Revit has a lot of quirks that need to be worked around, and that means finding those workarounds and taking advantage of them. There was an issue with units in previous versions of Revit (that has since been resolved – thankfully) that led to developing a useful trick: using hidden values to drive visible ones.
Before Revit 2014:
There were parameters that had issues displaying the correct way. For example, setting a piping flow rate to GPM with a formula would give an incorrect value using Air Flow units. Revit 2013 and earlier treat all flow formulas as Air Flow – it is hardwired in – even when dealing with piping, so using formulas can get tricky inside of families.
As you can see in the above images, even while project units were set to GPM for flow the formula field only accepted values in CFM, the Air Flow project units. What’s more, it will only accept whole values: no fractions and no decimals. While the GPM field itself can be set to any value, locking it out with a formula is where the issue comes up.
Here’s where the workaround comes in.
If you use other parameters to store the value, and then only reference those parameters inside of a formula, it skips the conversion that normally takes place and displays the desired value. – in the correct units, to the correct unit accuracy. If the ‘storage’ parameters are made as Hidden Parameters, then they are not visible in the properties palette in the project. Parameters that present value to the user remain visible while the ‘Storage Parameters’ do not (in this case, Flow Rate). The great part about this is that whatever your project units, they will always be accurate. Even though the parameter that holds your “actual” GPM is hidden, changing project units to L/s will convert its value to L/s, etc.
To create a Hidden Parameter, all that needs to be done is to change a Shared Parameter’s “Visible” value to 0 inside of the shared parameter file prior to writing the parameter to the family. A future post will focus on this little known feature and how INVIEW uses it extensively.
Revit 2014 and Beyond:
In current versions of Revit, the Formula units now match the units shown in the Value field. However, the rounding increment shown in the formula field doesn’t always match what is shown in the Value field. If a number gets rounded inside of a formula, its true value is lost: as far as Revit is concerned, the rounded value is the value that was initially input as soon as the Types dialogue is closed. For example, while still working in the same instance of the Types dialogue, a 1.5 that was rounded to 2 inside of a formula will read as “1.5” in the output, but once the dialogue is closed and reopened, it will read as a 2. Changing unit precision will not resolve this problem since the formula itself was “edited” to have the rounded value. This issue is most prominent with small values: fractions of a unit that when rounded, are lost.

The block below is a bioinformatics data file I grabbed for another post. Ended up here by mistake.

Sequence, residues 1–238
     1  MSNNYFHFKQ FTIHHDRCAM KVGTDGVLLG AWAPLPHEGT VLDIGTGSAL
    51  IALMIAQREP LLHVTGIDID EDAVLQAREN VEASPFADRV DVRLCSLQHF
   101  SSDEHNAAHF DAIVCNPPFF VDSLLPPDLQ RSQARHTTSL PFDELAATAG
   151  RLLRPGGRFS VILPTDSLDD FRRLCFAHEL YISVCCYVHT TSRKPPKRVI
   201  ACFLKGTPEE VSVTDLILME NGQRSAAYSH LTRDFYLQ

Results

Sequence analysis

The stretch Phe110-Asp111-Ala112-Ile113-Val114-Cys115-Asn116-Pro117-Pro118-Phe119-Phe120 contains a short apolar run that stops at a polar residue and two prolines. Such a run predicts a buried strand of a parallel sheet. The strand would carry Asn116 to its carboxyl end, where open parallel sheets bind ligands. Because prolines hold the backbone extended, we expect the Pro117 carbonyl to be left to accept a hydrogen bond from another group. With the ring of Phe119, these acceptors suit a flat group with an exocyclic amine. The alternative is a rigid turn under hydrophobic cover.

A simple way to recreate this is to set Project Units to Feet and fractional inches. Unit precision does not matter in later versions of Revit: formula fields are very precise, regardless of project unit precision. If you were to create a Length parameter and set its Formula to a static value of .05”, it automatically converts to a fraction of 13/256”. Press okay to close to the types dialogue, convert project units to decimal inches, and reopen the types dialogue. You’ll see that the original value was lost and is now .051”. Values that small are not usually an issue – but it is something to keep in mind and is solid evidence to easily reproduce. Once a unit is rounded, its original value is lost in the family editor.
Storing values inside of hidden parameters have quite a few uses, and prevent mistakes inside of families: values that would otherwise be unlocked and rely on the user to not change them can be locked completely, and unit accuracy can be guaranteed.
Let’s say there was a family that absolutely needed ¼” accuracy at all times. If you do not want Revit to ever round that value up or down, create two Hidden parameters: “Number” (Discipline: Common, Type: Number) and “Unit” (whatever your desired unit is. In this example, Discipline: Common, Type: Length). They will feed into a third parameter, “Visible Value” (same unit type as the “Unit” parameter. This parameter will be what users see). Set the “Number” parameter to be .25. Now use the “Unit” parameter, unlocked, to hold the value you want to set: if you want that ¼” accuracy, set the parameter to be 1”. In the formula field of the “Visible Value” parameter that users will be using, multiply the two hidden parameters together: in this example Number * Unit. Since “Number” and “Unit” are hidden they will not be seen inside of a project, but the Visible Value field will always be accurate – even if it’s rounded up or down by the project units, its value remains constant.
The usefulness does not end there: you can also use Storage Parameters to lock the values of parameters that always exist in a family, like Model and Description. If you had four separate types with unique values (such as a Part Number, Ordering Number, or SKU) you could use a hidden storage parameter to lock them out by Type instead of leaving the values open. The same goes for changing dimensions – multiple types with different Width, Height, and Depth could all be locked using a hidden value.
When I create a family, I usually name that Storage Parameter “z Type”, and there are very few families that I make without it: set “z Type” to be a different value for each of the types in a family, set all of the formulas to look for a specific z Type that informs them what their value is supposed to be. Voila: completely parametric family with locked values to prevent mistakes wherever they are needed. Correct “Cost” values for every type, security cameras that have the correct horizontal and vertical field of view, depending on lenses… The possibilities are endless.